Beautiful People – (J Reyne/ M Hudson) 1979 and The Boys Light Up (J Reyne) 1980 and Downhearted (G McDonough/W McDonough/S Higgins) 1980 and Hootchie Gucci Fiorucci Mama (J Reyne/D Briggs) 1980 – Australian Crawl
Australia Crawl emerged as the archetypal Aussie band, five sun-bronzed surfers from Melbourne’s Mornington Peninsula, nurtured within comfortable middle -class lifestyles possessing none of the angst and anger of the punks.
The original band members came from various local groups but primarily a peninsula band known initially as Spiff Rouche, which phonetically indicated their recreational drug of choice, and then Clutch Cargo, named after a square-jawed adventurer who starred in an early 60’s TV cartoon series of that name. The band conveyed a certain cocky, insightful arrogance which endeared them to their fans as they peered into the lifestyles and social peccadilloes of the very bourgeois classes from which they had sprung. They played up the sarcasm, droll witticisms, and self-effacing humor over a catchy back beat which stamped them as a pub rock band who played engagingly within their limits.When the band went into the AAV Studios in Melbourne with producer and LRB guitarist David Briggs (above) in 1979, to record the James Reyne/Mark Hudson song Beautiful People, the group were James Reyne (vocals), Simon Binks (lead guitar), Brad Robinson (rhythm guitar), Paul Williams (bass) and Bill McDonough (drums).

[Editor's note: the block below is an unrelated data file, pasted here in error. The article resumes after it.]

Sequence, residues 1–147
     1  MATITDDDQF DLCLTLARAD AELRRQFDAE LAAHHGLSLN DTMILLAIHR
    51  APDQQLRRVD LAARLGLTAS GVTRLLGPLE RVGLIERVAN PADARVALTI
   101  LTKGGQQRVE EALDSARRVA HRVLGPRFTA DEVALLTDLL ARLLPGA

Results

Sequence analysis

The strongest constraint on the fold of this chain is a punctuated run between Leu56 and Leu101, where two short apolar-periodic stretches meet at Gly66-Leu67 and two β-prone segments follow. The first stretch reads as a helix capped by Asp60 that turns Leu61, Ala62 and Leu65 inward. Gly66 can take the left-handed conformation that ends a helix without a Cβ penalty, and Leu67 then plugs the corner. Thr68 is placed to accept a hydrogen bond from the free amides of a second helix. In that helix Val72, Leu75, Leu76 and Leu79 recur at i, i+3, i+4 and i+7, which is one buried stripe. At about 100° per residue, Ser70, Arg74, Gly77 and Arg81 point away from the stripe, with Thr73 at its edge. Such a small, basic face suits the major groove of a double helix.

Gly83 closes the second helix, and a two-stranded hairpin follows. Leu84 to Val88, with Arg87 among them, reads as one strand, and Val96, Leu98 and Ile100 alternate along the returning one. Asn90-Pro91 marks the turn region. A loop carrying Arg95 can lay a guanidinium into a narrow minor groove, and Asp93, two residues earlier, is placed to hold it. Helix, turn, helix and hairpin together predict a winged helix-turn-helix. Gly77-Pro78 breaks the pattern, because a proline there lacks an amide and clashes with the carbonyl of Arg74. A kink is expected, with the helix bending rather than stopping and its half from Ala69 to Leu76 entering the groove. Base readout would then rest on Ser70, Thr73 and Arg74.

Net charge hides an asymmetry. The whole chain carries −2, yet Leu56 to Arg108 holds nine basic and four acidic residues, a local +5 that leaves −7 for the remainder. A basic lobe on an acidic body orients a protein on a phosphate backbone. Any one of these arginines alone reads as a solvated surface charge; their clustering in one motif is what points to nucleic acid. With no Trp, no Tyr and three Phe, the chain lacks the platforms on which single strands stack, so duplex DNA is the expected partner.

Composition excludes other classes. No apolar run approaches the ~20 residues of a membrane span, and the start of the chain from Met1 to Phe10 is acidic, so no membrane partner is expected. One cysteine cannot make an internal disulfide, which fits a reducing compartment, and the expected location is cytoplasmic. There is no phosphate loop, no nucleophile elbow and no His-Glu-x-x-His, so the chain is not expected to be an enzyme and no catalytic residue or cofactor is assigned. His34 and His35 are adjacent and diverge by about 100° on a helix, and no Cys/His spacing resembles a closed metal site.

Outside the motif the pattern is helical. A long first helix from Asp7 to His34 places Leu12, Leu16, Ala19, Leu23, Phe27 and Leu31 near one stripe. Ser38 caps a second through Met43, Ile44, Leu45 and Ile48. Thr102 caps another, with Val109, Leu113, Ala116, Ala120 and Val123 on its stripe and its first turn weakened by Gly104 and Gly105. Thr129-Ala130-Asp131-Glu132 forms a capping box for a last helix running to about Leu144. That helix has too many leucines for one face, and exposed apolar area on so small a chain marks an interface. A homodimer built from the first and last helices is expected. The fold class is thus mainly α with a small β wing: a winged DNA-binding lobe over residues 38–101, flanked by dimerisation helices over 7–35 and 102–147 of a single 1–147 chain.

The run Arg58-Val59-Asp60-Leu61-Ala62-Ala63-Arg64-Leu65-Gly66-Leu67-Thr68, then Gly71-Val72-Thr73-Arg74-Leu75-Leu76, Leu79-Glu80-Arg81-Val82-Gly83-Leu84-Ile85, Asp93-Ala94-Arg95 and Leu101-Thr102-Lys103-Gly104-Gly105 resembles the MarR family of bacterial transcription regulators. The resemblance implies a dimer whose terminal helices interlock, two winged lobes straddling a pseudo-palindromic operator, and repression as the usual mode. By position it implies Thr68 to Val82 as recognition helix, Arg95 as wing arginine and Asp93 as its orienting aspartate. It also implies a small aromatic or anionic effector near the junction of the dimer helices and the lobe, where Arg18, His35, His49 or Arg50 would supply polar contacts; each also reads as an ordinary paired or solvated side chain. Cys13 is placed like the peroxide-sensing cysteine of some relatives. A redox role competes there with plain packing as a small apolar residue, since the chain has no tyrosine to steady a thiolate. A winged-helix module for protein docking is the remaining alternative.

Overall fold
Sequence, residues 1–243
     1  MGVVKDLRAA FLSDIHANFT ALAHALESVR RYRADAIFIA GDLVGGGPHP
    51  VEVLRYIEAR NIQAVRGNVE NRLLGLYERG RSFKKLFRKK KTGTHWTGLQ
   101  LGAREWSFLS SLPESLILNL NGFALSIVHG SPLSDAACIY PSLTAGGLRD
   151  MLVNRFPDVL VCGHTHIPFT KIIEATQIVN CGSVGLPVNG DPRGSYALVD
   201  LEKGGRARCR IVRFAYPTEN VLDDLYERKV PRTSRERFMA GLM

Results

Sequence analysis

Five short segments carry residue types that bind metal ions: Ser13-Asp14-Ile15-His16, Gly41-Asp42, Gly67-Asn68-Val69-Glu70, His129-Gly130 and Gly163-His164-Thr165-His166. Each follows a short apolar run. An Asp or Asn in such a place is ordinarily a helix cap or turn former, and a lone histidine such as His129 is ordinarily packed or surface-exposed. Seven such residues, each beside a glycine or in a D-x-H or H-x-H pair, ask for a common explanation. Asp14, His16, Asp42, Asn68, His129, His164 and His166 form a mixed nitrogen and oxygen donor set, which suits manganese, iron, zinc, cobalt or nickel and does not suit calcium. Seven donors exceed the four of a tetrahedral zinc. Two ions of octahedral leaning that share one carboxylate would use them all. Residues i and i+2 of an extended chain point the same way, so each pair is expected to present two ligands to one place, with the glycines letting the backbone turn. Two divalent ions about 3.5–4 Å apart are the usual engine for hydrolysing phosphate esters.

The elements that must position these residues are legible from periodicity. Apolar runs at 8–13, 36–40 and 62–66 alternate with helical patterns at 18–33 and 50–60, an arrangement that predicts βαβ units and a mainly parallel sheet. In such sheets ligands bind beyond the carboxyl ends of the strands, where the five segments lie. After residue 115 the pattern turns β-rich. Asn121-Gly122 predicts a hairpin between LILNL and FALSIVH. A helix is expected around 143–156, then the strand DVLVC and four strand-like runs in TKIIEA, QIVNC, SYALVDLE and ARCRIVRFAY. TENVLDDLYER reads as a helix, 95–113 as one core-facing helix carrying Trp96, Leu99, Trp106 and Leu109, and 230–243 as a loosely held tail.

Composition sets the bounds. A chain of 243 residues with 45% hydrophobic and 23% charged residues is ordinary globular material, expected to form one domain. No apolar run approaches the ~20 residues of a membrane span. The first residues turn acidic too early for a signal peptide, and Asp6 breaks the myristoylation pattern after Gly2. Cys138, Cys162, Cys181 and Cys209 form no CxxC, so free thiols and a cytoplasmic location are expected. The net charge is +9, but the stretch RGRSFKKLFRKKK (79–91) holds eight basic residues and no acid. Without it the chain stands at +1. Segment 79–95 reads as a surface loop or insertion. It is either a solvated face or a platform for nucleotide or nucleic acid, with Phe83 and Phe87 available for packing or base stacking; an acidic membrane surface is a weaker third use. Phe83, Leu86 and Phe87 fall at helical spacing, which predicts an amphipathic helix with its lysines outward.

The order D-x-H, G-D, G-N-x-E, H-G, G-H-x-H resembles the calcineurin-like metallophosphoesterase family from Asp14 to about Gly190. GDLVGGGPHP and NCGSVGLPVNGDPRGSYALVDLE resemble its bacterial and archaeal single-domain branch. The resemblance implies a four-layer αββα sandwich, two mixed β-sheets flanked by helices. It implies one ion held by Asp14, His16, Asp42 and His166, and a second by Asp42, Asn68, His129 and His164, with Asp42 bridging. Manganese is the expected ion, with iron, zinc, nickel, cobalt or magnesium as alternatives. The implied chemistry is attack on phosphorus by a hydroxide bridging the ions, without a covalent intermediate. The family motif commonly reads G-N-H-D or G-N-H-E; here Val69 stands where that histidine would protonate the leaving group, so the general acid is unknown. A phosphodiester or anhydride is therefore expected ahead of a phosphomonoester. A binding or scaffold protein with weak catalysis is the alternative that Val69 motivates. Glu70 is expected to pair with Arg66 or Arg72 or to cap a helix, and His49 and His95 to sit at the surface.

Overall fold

James Reyne was the focus of attention, a handsome and charismatic front man with a Kirk Douglas dimple, who wrote original songs, and sang with an idiosyncratic vocal accent that slewed around sharp guitar riffs in such a way that this song title sounded like “Byoo…tiffle Pipple”. The lyrics critique the shallow materialism of residents of the moneyed Melbourne suburb of Toorak, and Reyne wittily points out “The garden’s full of furniture / The house is full of plants,” and also name checks a popular club of the time “Going out tonight to get their Bombay rocks off,” a nod to Bombay Rock, a night club in the Melbourne suburb of Brunswick.It was the first single lifted off the band’s debut album, The Boys Light Up, and for boys from well-to-do homes they lost no time in continuing to skewer the middle class morality of their own classes, fascinated with conspicuous consumption and its vacuous pleasures “ Robert Palmer T-shirts…$200 pushbikes (OK this was 1980) …art deco sonic boom…cocaine cough…People just want to break you down, /They just want to take you down.”
Pre-publicity for the record was also of interest as the ABC produced a mini-documentary which followed the band through the whole creative process right up to the record’s debut performance on Countdown, with both of Reyne’s arms in plaster casts after he was involved in an accident in Swanston St.(Melb). Beautiful People was a perky slice of pub rock/pop, guitar, drums, and several brief guitar solos from Simon Binks kept things moving along, but it would be James Reyne’s clipped vocal style and mouth-full-of- marbles articulation that would draw attention and create the concept of mondegreens, mishearing song lyrics, that would go into overdrive and persist throughout the band’s life. The song charted at #22 for a national breakout hit for the group, while the debut album was storming the charts.